Let’s forget the embarrassing teenage poetry and set my early writing days at the time when I was a playwright. I wrote stories and articles but my main output was plays for BBC radio and for the stage. Then, one day (I think for submission to a competition), I started writing a novel and learned that one of the qualities a novelist needs is stamina. I wrote in longhand and, after a few days, had a significant little heap of paper on the desk. Once you get a measurable pile, you want to add to it; you want to see an actual physical body of work. So I persisted, and the result was the original Sparrow Conundrum which went through many revisions and titles before becoming the double award-winner that it now is.

Having proved to myself that I could complete a book, I wrote another one, again the first version of one that was going to win an award, The DarknessIt needed even more rewriting than Sparrow but eventually my agent started sending it off to publishers and Piatkus liked it but weren’t doing stand-alone thrillers. They did, however, ask if I’d written a police procedural because they’d like to publish it if I had. So I did. And they did. And it was Material Evidence The editor liked the first version but not the fact that, about halfway through, it changed from a police procedural to a courtroom drama. Perhaps that was my playwriting self taking over. Anyway, she wanted changes made, so I cut it by 70 pages.

It was my first crime novel, remember, and, as I was writing it, I was aware that fans of the genre had certain expectations. I assumed that one of them was that there’d be some gore and violence so I created one such scene near the end of the book. I didn’t much enjoy writing it but I thought it was necessary. Some reviewers liked it, others didn’t. One even went so far as to say it ‘creeped her out’ that its author also wrote children’s books, another ‘questioned the author’s psyche’. In the end, it wasn’t such comments (which demonstrate complete ignorance about what writing is and writers are) that persuaded me to change the scene and modify its violence by making it implicit rather than explicit.

But that wasn’t the only reason. To my surprise, I didn’t need to change anything of the plot. However, there were many things (not just the absence of mobile phones) that gave it a dated feel – a policeman singing the praises of some new software which nowadays is standard, the prices of shotguns, and details which might cause the reader to pause and question the narrative’s credibility.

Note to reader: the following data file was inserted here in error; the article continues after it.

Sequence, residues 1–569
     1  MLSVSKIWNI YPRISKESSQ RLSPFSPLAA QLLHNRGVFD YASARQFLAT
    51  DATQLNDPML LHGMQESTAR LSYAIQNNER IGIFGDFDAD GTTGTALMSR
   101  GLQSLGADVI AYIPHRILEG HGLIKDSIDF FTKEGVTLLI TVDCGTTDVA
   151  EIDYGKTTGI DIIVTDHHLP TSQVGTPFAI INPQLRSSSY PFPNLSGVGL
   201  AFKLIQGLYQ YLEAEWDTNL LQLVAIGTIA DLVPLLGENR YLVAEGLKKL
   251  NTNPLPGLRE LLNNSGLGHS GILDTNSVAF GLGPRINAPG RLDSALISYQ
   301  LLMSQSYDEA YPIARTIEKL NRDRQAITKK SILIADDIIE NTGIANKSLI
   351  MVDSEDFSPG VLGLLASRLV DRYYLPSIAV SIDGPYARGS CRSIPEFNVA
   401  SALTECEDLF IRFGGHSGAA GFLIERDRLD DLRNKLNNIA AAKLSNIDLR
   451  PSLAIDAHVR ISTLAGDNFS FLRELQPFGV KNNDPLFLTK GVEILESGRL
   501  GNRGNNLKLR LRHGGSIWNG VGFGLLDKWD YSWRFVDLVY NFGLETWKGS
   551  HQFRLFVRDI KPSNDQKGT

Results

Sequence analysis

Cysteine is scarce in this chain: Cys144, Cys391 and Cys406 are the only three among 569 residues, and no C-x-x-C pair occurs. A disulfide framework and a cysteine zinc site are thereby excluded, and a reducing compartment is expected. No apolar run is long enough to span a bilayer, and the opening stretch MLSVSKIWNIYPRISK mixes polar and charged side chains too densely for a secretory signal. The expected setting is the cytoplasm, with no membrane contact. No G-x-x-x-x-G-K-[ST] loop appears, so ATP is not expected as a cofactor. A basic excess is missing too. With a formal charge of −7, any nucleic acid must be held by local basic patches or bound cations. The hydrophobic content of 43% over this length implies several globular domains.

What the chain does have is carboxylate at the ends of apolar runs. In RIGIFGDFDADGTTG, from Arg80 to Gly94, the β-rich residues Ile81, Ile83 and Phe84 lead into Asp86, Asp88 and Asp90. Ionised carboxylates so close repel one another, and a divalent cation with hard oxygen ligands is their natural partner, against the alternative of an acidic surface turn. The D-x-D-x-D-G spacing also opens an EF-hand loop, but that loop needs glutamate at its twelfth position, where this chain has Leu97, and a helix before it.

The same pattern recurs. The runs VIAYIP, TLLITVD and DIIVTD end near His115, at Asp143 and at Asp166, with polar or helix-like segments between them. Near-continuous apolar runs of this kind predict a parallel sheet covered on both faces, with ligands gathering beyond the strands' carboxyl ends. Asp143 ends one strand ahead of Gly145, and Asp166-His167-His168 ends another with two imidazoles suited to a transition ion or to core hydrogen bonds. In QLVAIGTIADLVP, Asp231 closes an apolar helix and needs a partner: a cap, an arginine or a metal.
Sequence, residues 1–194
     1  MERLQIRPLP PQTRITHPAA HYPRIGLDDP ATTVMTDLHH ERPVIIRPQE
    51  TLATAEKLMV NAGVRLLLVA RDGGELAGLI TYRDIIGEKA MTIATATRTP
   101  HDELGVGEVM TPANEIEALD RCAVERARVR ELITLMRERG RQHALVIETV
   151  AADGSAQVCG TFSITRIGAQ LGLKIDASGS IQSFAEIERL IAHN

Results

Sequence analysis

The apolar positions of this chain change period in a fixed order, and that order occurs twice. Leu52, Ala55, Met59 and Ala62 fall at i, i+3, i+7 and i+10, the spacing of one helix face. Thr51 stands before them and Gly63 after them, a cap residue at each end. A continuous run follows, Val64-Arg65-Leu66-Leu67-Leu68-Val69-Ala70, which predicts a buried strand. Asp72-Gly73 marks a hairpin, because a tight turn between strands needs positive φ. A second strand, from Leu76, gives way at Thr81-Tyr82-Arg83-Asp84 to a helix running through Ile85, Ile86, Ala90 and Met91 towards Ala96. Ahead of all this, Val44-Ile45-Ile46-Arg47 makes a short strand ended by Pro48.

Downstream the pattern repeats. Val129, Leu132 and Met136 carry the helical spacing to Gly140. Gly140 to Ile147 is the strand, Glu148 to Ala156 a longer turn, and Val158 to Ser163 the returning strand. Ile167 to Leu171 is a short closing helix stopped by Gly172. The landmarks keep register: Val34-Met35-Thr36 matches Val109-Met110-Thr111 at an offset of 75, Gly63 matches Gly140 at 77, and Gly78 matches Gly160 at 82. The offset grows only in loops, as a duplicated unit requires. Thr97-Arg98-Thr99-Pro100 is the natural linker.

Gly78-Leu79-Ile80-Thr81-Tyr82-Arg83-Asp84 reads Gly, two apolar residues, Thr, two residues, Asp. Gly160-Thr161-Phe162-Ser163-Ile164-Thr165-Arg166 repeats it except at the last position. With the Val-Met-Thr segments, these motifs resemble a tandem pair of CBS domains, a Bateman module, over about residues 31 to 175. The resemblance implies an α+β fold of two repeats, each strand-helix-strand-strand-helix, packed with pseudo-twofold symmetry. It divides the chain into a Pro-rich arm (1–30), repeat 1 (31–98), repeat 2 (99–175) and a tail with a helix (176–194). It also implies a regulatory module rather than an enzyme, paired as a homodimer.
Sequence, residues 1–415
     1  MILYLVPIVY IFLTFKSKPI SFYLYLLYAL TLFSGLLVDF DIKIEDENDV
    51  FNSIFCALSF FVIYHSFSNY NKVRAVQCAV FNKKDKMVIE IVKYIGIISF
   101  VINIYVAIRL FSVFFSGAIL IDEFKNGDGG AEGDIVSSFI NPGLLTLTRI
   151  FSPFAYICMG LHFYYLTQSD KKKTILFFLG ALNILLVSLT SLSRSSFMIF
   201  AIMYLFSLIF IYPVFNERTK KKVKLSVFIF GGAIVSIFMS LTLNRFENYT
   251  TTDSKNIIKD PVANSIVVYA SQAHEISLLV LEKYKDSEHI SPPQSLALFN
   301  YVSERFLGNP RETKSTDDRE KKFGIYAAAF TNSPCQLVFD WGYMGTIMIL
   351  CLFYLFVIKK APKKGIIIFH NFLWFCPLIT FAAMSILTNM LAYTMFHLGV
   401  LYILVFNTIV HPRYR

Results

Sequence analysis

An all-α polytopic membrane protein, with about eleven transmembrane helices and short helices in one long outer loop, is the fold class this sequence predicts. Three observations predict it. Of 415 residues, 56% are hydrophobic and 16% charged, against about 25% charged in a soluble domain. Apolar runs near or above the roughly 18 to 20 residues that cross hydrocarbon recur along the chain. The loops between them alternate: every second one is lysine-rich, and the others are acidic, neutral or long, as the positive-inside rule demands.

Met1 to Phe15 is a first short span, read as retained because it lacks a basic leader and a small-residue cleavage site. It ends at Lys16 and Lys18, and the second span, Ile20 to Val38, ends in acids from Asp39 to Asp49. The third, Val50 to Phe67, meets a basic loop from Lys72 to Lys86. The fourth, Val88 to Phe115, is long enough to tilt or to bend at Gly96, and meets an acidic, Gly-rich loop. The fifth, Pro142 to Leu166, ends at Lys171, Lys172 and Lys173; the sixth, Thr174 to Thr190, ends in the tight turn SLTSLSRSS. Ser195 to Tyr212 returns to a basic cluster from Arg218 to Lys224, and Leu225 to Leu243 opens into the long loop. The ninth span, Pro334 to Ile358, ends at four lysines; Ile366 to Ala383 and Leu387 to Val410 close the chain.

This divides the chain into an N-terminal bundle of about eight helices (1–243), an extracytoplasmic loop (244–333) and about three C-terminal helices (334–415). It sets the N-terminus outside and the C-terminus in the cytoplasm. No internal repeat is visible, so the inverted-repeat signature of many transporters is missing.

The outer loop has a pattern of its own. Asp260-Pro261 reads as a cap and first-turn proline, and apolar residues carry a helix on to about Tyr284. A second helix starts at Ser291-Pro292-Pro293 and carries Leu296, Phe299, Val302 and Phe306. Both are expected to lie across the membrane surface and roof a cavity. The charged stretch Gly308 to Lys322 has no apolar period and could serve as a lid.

Then there was the cover. My five Carston novels don’t obviously share an identity, so they needed branding and, since that meant new covers, it was worth revisiting them to make them more relevant to a new audience. Whether they reach that new audience depends on other things, such as my marketing skills.

Damn! I knew there was a catch.

Saturday, October 10, 2015

When Illness Interrups Your LIfe

By June Shaw

I haven't gotten much writing done on a novel and missed writing some posts because of illness. Not mine. My partner's. He's been in and out of the hospital, spending many days in it, with challenges to his heart and kidneys. During that time, he's grown weaker and stopped driving much.

I know many of you face health problems of your own from time to time, and some of you surely need to tend to family members. My good thoughts go out to all of you.

Thursday, October 8, 2015


By Jackie King

Halloween is coming and it's one of my favorite holidays. Often I dress up as a witch to hand out candy to the kiddies. This is one time of the year when I revert to my childhood.

Jackie King--Ready for Halloween

I was about four when my older cousins started scaring me with ghost stories. These were told in the bright sunshine, but at night I had to creep up creaking stairs to get to my bedroom at Grandma’s house. These monsters lurked along the way to terrify me. I can still remember the dread and the sick empty feeling in my belly.

The Good Old Days

Grandchildren weren’t pampered in those days, at least not by my grandma. She married at 14 so I doubt she ever had a childhood, at least not as we think of it these days. I realize now that she wasn’t a cruel woman, just one who had endured hardships, and in her declining years had received me on her doorstep while my mother trained to be a teacher. She did the best she could.

The Million Mile Stairs

There was no electricity to illuminate the steep stairs, so I was given a lighted candle and told to blow it out after I was in bed.

But what waited at the top?

Was it the murdered man looking for his golden arm? Would he chop off my head with his ax when he learned I didn’t have it, as he had with two dozen other children?

And the candle was sputtering.

Terrified of having no light, I’d put one foot in front of the other, knowing that I had no other choice. And finally I’d reach the landing. The soft glow of the candle lighted only a small circle, and each step into the blackness seemed almost certain death.

Finally, I reached my bed, set the candle on an orange-crate used for a bedside table and climbed in. It was summertime and hot, but I still pulled the dusty smelling bedspread over me. After a quick puff to blow out the candle the room was black as a witch’s hat. The counterpane (as Grandma called it) was the only protection between me and the evil ghost. I’d lie stiff as a board until I finally fell asleep.

The next morning when my cousins came to visit, I’d beg them for another ghost story.